Asia Pacific

India Constructing Nuclear-Hardened Facilities on China Border

The Indian military has begun the construction of nuclear-hardened tunnels and armament storage facilities near the country’s border with Pakistan and China.

Nuclear-hardened facilities ensure that military supplies — which take days to transport to forward posts due to the rugged slopes and terrain in the Himalayas — can be stored on the front line and protected against potential enemy attacks.

“Micro-tunneling is the flavor of the time, ensuring hardened defenses.” Indian army engineer-in-chief Harpal Singh said, as quoted by Sputnik News. “Nuclear hardened facilities are being developed in forward areas to enhance the capabilities of boots on the ground.

In addition to storage facilities, Singh revealed that the country’s combat engineers have expedited work to provide road connectivity to forward posts. He explained that building roads and tunnels is a “force multiplier” that also helps develop communities in remote border locations.

Bolstering Border Defense

Beijing claims that the situation at the China-India border has been peaceful in the past few weeks. However, the Indian military continues to deploy high-powered weapons and equipment amid heightened tensions to bolster its defenses in the event of a conflict.

Earlier this year, India ramped up its border defenses by deploying upgraded L-70 anti-aircraft guns, which feature enhanced target acquisition and automatic target tracking capabilities against enemy drones.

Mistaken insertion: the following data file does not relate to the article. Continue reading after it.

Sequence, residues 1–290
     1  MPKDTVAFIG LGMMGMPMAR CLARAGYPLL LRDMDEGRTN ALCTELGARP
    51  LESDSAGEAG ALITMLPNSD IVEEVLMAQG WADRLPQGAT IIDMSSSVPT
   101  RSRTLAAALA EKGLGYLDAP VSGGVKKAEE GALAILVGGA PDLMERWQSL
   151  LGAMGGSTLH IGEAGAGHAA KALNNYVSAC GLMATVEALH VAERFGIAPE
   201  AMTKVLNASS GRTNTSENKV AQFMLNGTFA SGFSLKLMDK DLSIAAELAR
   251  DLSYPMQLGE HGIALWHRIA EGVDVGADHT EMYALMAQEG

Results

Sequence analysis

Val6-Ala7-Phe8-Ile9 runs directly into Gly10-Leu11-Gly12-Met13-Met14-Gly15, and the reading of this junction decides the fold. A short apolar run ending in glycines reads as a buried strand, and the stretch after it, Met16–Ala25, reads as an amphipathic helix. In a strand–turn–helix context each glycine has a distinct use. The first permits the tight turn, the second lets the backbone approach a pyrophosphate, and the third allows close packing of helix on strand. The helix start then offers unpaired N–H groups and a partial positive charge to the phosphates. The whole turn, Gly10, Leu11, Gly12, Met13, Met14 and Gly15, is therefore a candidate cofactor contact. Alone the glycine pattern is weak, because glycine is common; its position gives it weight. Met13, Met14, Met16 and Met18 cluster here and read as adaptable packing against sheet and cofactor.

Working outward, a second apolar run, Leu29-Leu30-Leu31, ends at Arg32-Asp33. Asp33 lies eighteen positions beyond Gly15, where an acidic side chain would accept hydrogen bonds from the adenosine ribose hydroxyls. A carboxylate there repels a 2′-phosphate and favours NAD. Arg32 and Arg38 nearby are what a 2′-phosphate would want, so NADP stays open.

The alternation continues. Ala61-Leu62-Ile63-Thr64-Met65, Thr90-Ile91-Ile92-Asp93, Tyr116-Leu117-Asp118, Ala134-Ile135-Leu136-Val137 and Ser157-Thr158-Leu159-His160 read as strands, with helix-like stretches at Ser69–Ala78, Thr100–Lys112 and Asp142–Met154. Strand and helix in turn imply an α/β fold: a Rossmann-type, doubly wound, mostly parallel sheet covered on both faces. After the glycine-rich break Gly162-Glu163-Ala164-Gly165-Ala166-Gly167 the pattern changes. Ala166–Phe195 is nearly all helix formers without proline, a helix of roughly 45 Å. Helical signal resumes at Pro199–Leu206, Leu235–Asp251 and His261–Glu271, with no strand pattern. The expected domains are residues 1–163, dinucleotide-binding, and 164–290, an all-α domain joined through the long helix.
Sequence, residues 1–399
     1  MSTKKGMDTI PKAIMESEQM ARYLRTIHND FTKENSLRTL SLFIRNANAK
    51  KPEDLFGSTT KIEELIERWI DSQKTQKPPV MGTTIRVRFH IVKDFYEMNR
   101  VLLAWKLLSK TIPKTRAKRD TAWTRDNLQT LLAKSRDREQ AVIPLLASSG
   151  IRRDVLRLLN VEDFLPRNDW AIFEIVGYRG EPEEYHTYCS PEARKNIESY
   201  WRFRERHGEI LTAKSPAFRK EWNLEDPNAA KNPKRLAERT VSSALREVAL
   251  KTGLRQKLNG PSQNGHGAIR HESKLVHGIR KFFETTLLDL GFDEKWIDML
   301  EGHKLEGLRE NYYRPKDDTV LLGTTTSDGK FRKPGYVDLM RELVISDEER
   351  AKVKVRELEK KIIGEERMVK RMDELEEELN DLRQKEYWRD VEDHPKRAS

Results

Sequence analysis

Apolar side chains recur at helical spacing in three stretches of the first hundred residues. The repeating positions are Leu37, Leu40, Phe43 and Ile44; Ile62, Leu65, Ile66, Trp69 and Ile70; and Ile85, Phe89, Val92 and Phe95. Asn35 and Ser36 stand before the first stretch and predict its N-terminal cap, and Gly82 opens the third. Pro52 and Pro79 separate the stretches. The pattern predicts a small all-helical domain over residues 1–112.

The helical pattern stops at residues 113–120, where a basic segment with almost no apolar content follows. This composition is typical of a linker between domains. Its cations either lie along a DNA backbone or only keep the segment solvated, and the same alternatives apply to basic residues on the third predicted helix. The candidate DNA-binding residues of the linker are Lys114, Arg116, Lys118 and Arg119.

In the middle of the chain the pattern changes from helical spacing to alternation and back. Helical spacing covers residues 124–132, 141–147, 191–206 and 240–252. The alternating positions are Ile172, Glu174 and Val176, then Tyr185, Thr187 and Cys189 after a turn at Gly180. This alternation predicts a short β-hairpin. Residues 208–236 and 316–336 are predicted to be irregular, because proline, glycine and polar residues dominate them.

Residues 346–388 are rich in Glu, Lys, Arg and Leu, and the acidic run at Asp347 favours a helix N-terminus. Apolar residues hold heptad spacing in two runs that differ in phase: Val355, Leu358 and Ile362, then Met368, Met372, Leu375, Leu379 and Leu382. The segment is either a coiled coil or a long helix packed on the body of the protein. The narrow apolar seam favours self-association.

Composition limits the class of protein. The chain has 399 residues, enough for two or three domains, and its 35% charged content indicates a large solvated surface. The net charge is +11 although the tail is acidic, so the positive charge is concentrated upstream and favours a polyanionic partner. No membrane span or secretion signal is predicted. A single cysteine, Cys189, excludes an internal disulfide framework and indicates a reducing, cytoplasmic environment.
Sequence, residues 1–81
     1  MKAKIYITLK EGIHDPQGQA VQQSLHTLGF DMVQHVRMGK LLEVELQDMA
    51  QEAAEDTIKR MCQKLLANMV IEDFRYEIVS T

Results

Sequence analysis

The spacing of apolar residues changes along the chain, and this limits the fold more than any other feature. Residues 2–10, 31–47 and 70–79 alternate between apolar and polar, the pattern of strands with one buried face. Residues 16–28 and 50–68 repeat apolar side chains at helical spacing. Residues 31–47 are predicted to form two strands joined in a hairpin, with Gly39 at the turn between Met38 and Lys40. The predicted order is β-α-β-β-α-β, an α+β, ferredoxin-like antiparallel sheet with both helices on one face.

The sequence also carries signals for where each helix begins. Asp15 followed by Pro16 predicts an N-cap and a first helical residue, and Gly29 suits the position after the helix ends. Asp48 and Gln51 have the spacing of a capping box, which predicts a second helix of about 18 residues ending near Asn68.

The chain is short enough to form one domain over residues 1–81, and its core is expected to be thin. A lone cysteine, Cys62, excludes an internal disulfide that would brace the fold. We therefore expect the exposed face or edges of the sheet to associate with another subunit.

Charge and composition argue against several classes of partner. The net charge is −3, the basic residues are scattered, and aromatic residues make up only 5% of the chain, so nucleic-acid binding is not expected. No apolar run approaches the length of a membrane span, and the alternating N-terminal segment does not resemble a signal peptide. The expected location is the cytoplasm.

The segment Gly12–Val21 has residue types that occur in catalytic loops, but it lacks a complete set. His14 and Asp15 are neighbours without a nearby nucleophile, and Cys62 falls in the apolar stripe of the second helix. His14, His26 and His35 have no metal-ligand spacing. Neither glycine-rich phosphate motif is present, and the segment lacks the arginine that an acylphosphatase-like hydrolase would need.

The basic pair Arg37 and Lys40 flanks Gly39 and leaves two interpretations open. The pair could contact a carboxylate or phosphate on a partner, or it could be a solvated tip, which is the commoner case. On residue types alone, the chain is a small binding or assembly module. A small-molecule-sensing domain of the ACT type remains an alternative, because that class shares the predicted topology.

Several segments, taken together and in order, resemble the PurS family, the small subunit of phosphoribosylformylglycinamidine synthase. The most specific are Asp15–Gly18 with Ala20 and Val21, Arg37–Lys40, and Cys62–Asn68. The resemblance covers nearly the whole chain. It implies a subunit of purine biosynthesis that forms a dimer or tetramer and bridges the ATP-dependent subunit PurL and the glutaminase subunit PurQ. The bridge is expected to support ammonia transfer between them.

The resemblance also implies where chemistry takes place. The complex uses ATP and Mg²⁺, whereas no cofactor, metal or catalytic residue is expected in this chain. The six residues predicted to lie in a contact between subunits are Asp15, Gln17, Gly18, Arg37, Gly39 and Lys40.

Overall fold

The Indian Army also plans to purchase a next-generation lightweight low-level radar to improve its threat detection. The new equipment will help detect and identify enemy aircraft in areas where surveillance is restricted.

To boost patrol along the Line of Actual Control (LAC) separating India from China, New Delhi has deployed an additional 50,000 troops, which brings the total number of Indian soldiers at the border to 200,000.

“The current situation on the border between China and India is generally stable, and the two sides are negotiating to resolve relevant border issues,” Chinese Foreign Ministry spokesman Wang Wenbin said in June. “In this context, the words, deeds, and military deployments of relevant military and political leaders should help ease the situation and increase mutual trust between the two sides, not the other way around.”

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